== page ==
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Archaeo News 

12 April 2008
Researchers find pre-Clovis human DNA

Human DNA from dried excrement recovered from Oregon's Paisley Caves (USA) is the oldest found yet in the New World - dating to 14,300 years ago, some 1,200 years before Clovis culture - and provides apparent genetic ties to Siberia or Asia, according to an international team of 13 scientists. The Paisley Caves are located in the Summer Lake basin near Paisley, about 220 miles southeast of Eugene on the eastern side of the Cascade Range. The series of eight caves are westward-facing, wave-cut shelters on the highest shoreline of pluvial Lake Chewaucan.
     The teamís extensively documented analyses on mitochondrial DNA - genetic material passed on maternally - removed from long-dried feces, known as coprolites, were published online April 3 in Science Express ahead of regular publication in the journal Science. "The Paisley Cave material represents, to the best of my knowledge, the oldest human DNA obtained from the Americas," said Eske Willerslev, director of the Centre for Ancient Genetics at Denmark's University of Copenhagen. "Other pre-Clovis sites have been claimed, but no human DNA has been obtained, mostly because no human organic material had been recovered."
     A Danish team, led by Willerslev, examined 14 coprolites that were found by s L. Jenkins, a senior archaeologist with the University of Oregonís Museum of Natural and Cultural History, during summer field work in 2002 and 2003. A lengthy analysis was done to screen for modern DNA contamination. From that analysis, six coprolites containing the ancient DNA were radiocarbon dated using accelerator mass spectrometry. With radiocarbon dating adjusted to calendar years, the materials date back to about 14,300 years ago. The DNA testing indicated that the feces belonged to Native Americans in haplogroups A2 and B2, haplogroups common in Siberia and east Asia.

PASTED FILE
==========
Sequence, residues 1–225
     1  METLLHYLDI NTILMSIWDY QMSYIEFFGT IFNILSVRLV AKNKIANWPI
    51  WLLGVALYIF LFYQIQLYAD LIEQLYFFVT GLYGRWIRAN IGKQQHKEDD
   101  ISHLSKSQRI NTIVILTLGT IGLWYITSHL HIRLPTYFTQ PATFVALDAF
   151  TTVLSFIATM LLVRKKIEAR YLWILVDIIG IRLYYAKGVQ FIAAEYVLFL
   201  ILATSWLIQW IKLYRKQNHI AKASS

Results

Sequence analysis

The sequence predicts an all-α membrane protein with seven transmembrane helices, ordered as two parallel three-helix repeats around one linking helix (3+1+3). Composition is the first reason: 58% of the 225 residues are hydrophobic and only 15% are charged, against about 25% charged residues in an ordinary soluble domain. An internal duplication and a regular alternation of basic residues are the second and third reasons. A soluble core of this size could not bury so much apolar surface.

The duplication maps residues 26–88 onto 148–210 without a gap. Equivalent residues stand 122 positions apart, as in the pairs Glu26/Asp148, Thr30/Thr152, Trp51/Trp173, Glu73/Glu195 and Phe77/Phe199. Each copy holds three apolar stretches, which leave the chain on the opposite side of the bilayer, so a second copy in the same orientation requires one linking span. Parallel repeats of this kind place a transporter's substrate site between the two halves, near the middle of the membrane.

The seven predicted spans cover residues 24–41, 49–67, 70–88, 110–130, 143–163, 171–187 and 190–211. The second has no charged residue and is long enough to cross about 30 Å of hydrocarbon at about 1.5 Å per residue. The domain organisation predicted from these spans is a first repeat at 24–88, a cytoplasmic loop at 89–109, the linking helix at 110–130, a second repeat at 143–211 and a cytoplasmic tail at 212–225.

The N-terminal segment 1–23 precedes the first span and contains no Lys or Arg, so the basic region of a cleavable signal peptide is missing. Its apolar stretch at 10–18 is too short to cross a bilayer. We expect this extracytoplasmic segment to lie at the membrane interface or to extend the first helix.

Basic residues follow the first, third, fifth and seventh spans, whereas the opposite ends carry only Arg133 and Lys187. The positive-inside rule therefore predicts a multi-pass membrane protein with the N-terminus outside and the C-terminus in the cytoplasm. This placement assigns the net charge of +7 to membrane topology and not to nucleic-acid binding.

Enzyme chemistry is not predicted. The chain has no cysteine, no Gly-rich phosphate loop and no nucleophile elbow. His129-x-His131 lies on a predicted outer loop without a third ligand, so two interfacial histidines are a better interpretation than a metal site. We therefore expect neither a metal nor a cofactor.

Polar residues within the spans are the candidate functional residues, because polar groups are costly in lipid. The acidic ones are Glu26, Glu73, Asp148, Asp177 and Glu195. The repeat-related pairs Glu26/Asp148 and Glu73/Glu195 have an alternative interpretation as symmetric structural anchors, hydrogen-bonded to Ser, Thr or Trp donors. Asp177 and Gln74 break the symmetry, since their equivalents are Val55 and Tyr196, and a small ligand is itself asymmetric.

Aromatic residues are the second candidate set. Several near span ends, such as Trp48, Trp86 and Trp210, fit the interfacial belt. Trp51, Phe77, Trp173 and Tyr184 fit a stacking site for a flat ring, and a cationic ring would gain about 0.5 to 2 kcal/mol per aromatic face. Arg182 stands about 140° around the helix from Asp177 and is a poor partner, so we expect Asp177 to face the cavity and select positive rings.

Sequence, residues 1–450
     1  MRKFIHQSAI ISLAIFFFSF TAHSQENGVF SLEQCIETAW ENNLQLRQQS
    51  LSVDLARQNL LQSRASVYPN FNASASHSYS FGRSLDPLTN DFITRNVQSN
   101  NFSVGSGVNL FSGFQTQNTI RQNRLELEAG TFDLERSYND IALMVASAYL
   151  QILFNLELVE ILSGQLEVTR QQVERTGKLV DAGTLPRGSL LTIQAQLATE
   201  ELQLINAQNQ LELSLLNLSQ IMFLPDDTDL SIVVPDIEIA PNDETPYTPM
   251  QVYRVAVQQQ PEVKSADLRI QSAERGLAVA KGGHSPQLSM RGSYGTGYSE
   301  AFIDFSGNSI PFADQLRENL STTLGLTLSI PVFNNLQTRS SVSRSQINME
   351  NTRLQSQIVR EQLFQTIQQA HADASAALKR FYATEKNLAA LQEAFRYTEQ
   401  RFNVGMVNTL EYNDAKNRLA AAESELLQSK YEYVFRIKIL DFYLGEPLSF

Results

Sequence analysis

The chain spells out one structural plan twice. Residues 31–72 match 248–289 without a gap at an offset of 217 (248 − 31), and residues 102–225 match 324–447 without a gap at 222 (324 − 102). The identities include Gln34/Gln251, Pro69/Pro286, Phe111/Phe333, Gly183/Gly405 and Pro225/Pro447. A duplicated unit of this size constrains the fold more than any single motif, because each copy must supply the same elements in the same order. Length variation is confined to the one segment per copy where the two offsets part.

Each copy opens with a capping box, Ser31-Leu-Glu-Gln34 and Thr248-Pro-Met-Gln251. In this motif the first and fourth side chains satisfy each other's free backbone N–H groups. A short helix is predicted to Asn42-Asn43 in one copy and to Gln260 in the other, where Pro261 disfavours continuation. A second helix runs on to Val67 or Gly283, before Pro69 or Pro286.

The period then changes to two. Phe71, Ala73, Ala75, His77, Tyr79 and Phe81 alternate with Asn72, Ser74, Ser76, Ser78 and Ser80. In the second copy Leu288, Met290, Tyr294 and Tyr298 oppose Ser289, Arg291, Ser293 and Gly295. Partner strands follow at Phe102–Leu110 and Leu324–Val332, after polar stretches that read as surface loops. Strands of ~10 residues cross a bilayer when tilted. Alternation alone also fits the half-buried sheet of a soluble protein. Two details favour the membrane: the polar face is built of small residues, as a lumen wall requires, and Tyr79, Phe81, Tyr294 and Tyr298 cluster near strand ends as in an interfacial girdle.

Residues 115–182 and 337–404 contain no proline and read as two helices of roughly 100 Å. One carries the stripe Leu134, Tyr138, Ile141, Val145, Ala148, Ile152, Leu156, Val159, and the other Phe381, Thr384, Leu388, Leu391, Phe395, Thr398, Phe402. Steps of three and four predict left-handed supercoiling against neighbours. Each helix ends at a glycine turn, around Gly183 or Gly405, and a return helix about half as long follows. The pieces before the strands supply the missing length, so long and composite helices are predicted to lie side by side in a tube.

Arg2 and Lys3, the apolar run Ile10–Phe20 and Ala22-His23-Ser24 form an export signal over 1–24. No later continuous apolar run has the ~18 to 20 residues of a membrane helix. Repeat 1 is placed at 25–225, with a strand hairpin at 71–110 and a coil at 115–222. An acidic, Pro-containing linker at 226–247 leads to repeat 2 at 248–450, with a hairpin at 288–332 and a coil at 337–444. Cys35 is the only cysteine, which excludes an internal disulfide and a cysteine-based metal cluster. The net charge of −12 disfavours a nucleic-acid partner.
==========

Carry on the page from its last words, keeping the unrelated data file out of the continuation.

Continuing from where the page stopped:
Clovis culture began sometime between 13,200 and 12,900 years ago, according to a re-evaluation of Clovis evidence published in Science (Feb. 23, 2008) by Michael R. Waters of Texas A&M University and Thomas W. Stafford Jr. of Stafford Research Laboratories in Colorado. Skeletal remains dating to Clovis culture have proven elusive, leaving researchers with little hard evidence beyond tell-tale cultural components such as the distinctive fluted Clovis points and other tools.
     In their conclusion, the authors wrote: "The Paisley Caves lack lithic tool assemblages, thus the cultural and technological association of the early site occupants, and their relationship to the later Clovis technology are uncertain. We are not saying that these people were of a particular ethnic group. At this point, we know they most likely came from Siberia or Eastern Asia, and we know something about what they were eating, which is something we can learn from coprolites." "If our DNA evidence and radiocarbon dating hold up on additional coprolites that are now undergoing testing at multiple labs, then we have broken the Clovis sound barrier, if you will," he said. "If you are looking for the first people in North America, you are going to have to step back more than 1,000 years beyond Clovis to find them."
     The find's implications are tremendous. For almost a century, archaeologists believed that people arrived in North America 13,000 years ago - a conclusion based on dating sites with a distinctive stone tool type first found near Clovis, New Mexico in the 1930s. For the last two decades, the 'Clovis-first' idea has been under steady assault, and the coprolites Jenkins found in the Paisley caves may well be the final nail in Clovis' coffin.

Sources: News Wise (2 April 2008), Archaeology.org (3 April 2008)

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